Noma’s RENÉ REDZEPI and DAVID ZIL­BER share how they pre­serve the fresh flavours of spring as­para­gus.

Gourmet Traveller (Australia) - - Oct -

A step-by-step guide to fer­ment­ing as­para­gus.

Peo­ple have al­ways as­so­ci­ated our restau­rant closely with wild food and for­ag­ing, but the truth is that the defin­ing pil­lar of Noma is fer­men­ta­tion. That’s not to say that our food is es­pe­cially funky or salty or sour or any of the other tastes that peo­ple iden­tify with fer­men­ta­tion. Try to pic­ture French cook­ing with­out wine or Ja­panese cui­sine with­out miso. Fer­men­ta­tion isn’t re­spon­si­ble for one spe­cific taste at Noma – it im­proves ev­ery­thing.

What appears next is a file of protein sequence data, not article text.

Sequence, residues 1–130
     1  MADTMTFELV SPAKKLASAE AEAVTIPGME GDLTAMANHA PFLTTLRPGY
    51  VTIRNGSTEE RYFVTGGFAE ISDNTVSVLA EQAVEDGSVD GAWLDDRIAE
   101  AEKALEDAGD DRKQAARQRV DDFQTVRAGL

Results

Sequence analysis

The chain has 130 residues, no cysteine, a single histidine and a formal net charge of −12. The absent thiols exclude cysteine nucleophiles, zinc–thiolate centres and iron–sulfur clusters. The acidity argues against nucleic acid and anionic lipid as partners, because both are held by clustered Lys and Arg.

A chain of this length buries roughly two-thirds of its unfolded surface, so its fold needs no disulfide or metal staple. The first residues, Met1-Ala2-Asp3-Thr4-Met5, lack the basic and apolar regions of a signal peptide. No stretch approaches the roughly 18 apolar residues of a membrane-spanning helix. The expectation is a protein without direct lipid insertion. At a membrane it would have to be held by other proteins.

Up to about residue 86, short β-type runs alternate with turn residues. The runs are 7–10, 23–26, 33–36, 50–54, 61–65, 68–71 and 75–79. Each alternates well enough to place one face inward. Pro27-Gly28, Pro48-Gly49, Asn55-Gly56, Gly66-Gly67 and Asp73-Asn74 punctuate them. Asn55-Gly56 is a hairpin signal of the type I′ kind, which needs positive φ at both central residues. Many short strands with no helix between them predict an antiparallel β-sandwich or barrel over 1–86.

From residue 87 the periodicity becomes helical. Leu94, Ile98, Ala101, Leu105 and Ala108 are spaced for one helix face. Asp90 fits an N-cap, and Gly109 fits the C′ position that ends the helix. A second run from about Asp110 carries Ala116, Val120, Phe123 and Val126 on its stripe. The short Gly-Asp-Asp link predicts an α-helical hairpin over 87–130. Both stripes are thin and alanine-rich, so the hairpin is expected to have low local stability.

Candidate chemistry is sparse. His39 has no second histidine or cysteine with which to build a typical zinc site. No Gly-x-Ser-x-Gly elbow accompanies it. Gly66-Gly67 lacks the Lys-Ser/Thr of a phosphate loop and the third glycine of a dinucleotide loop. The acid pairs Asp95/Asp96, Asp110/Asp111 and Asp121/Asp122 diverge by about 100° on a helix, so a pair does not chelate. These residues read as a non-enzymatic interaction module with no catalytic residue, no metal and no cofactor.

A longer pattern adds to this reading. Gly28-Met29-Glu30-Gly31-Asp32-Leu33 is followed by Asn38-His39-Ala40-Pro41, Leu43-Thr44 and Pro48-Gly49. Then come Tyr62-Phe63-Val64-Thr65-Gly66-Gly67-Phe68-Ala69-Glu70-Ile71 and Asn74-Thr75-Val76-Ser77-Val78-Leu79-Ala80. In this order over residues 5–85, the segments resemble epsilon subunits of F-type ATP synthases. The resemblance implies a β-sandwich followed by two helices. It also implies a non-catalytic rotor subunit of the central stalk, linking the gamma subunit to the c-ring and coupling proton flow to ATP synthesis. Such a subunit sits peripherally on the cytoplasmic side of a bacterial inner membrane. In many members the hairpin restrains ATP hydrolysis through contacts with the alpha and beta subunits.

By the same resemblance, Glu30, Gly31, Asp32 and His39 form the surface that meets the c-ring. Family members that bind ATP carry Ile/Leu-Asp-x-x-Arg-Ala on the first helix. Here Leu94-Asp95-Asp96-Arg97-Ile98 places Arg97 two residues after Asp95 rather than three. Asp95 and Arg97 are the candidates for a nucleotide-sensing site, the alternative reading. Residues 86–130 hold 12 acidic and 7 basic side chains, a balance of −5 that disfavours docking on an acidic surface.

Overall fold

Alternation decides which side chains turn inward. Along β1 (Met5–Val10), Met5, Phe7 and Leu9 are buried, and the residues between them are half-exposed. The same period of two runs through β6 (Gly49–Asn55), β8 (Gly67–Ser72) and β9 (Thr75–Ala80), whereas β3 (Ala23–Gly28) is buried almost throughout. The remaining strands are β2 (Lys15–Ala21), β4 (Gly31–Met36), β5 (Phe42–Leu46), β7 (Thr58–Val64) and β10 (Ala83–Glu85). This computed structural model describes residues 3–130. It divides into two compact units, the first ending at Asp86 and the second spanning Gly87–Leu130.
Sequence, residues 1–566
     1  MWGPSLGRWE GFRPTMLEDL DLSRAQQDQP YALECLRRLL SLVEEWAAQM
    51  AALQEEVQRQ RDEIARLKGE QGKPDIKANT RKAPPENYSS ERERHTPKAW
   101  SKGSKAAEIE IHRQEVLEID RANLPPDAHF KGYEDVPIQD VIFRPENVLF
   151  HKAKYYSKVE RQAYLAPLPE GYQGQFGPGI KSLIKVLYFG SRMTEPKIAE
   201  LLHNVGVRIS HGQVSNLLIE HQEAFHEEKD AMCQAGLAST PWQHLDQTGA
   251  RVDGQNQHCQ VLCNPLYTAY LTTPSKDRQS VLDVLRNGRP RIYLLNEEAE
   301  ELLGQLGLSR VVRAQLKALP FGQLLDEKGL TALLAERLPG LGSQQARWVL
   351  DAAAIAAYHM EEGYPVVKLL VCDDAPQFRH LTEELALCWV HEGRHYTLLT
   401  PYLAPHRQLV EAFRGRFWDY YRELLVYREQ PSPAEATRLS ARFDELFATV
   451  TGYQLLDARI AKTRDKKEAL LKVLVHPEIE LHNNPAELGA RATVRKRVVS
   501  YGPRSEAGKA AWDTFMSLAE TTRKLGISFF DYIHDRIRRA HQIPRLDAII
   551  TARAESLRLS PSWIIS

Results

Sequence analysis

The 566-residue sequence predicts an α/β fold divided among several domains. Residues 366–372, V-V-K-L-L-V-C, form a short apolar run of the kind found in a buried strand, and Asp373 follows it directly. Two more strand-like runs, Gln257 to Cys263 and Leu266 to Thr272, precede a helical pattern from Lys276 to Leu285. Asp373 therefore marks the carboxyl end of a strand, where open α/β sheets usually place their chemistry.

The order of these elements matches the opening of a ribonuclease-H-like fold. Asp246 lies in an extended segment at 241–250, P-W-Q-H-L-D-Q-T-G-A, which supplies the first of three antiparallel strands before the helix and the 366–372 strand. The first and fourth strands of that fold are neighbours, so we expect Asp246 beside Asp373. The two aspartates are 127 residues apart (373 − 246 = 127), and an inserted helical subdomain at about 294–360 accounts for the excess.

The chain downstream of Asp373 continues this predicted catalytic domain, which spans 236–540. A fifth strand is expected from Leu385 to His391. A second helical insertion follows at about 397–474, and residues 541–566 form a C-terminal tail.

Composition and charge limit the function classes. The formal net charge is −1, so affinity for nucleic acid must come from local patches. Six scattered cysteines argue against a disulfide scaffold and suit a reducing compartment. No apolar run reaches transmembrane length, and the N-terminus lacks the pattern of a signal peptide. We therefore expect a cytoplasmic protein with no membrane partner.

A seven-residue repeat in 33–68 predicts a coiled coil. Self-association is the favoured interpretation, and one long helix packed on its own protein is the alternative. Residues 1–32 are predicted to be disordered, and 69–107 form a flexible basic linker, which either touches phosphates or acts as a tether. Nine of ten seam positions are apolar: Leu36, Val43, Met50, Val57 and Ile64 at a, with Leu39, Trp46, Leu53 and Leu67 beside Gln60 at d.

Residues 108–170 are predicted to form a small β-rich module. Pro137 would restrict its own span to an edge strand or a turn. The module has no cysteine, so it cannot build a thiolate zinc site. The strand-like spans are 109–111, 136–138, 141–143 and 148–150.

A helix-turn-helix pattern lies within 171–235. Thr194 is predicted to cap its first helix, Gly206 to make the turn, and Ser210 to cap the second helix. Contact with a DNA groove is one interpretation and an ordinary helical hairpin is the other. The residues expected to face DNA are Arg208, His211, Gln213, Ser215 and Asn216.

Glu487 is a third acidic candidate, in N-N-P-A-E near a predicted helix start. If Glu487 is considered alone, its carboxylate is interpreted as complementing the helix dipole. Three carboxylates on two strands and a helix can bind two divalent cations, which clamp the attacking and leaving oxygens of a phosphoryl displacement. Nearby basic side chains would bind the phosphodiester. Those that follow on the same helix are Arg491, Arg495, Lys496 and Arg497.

Each spring, we look for­ward to eat­ing white as­para­gus, but its sea­son is short. Fer­ment­ing the as­para­gus gives it an af­ter­life that keeps us sus­tained through the colder months of the year. This recipe comes from our long-time friend and an­ar­chist farmer Søren Wi­uff. The mild bit­ter­ness of the as­para­gus in­ter­acts with the cit­ric acid of the lemon and the lac­tic acid formed dur­ing fer­men­ta­tion to cre­ate a har­mony not un­like that of a per­fectly ripe grape­fruit.


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